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Tennessee Football: A Family Affair

image via Paul Efird/News Sentinel

But when the decade turned, the family would feud, and once the dust from that feud had settled, there was a new man in charge. Though some didn’t like how it went down, at least the man that emerged was cut from orange cloth.

Besides, winning heals all wounds, even those caused by rifts in the fanbase, and it wasn’t long before Phillip Fulmer had virtually 100% support from Vol Nation. And rightfully so. Just as the run in the 90s wouldn’t have happened without the work that Johnny put in on the front end, it also wouldn’t have happened had Fulmer not led the charge the rest of the way.

But fast forward ten years and the party was over. The wins were no longer coming as fast and furious as they once were, or at least the marquee wins against the upper tier of the SEC weren’t. And suddenly, the fanbase was split again.

Some felt Fulmer deserved more time. After all, he was a Tennessee guy through and through. But others pointed to coaches like Urban Meyer and Nick Saban as proof that you didn’t need to have decades-long ties to a state or a school to bring that team glory. Such folks argued that the Tennessee Football ideology had grown stale. And that the time had come to go outside the Tennessee family to find a man who could breathe fresh air into the program.

I’m not here to debate whether or not that was actually the case. But I am here to say that if it were, the Vols overcorrected. Because the next man hired didn’t have a clue about things like tradition and family that were part and parcel of this program and its fans. And though his predecessor hailed from SEC royalty and, by extension, surely understood the importance of tradition and family at a place like Tennessee, he still wasn’t a good fit. Again, Vol Nation has never been one to give a damn about pedigrees. It goes deeper than that here.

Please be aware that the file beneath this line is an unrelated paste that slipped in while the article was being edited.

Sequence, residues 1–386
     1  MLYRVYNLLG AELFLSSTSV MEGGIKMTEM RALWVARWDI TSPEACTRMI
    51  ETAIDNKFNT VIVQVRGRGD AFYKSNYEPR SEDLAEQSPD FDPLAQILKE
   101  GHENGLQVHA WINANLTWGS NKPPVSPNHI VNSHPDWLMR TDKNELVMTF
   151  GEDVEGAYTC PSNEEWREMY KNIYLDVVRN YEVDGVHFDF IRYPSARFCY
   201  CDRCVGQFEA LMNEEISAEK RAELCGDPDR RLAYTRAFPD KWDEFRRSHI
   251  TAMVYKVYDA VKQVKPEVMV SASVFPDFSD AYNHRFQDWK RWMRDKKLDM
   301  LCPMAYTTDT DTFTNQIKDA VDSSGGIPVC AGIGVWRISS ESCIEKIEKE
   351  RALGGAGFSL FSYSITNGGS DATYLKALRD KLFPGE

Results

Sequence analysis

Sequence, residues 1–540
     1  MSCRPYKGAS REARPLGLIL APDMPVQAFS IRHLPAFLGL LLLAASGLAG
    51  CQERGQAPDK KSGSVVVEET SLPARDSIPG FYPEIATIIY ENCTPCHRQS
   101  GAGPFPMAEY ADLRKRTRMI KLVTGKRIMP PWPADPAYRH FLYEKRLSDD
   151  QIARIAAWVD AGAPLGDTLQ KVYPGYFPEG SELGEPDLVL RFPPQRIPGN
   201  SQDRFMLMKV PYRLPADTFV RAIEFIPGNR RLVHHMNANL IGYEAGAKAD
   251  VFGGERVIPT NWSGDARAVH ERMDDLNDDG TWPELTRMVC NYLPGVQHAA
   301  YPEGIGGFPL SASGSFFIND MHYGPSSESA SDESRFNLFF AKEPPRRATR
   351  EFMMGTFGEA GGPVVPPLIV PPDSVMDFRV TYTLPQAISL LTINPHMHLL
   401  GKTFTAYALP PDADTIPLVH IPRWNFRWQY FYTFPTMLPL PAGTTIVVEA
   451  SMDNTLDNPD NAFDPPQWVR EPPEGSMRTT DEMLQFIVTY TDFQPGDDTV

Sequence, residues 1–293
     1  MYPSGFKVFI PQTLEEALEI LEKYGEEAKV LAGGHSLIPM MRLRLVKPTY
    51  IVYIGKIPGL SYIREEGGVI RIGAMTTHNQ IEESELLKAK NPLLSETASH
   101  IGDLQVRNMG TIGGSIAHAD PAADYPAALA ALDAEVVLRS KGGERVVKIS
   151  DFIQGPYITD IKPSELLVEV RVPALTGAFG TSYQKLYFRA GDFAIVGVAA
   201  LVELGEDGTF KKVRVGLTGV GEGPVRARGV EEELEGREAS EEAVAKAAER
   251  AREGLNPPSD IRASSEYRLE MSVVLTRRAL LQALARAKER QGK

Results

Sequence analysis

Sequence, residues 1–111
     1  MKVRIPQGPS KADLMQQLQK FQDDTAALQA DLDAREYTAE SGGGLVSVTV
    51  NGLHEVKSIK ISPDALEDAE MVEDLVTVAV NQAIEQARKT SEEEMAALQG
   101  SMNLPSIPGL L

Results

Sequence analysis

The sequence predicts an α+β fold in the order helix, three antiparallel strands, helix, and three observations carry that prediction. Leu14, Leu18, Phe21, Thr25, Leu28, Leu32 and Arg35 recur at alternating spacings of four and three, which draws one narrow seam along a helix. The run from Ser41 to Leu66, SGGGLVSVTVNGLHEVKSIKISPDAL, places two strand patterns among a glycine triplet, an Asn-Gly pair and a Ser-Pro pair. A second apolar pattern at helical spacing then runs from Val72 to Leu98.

As happenstance would have it, I missed those years, at least to a large extent. Oh, sure, I followed the team as closely as I normally do, but the triplets were born in 2007 and their brother followed just a few years after. And with all those Littles running amuck, it was hard to make it to the stadium as often as I once did.

It wasn’t till last season when things calmed down enough for me to finally make it back to Neyland for all the home games. And for most of those contests, I brought at least one of my children, just as my dad brought me to Neyland back in October of 1982. Full circle to be certain.

There aren’t very many things I enjoy as much as taking my kids to a UT game. Because it’s impossible for me to do so and not harken back to the days of my impressionable youth when I took in the pageantry of SEC football with eyes as wide as theirs. During these modern-day contests, I try to explain to my kids how it used to be. How it used to feel. And how I believe such days are coming again soon.

And as I do, I often drift back to that 1982 Alabama game, practically able to feel the chill of the aluminum bench offset by the warmth of the man I was sardined against.

Leaving me to wonder if my children will one day recall the games I’ve taken them to with that same chill. With that same warmth.

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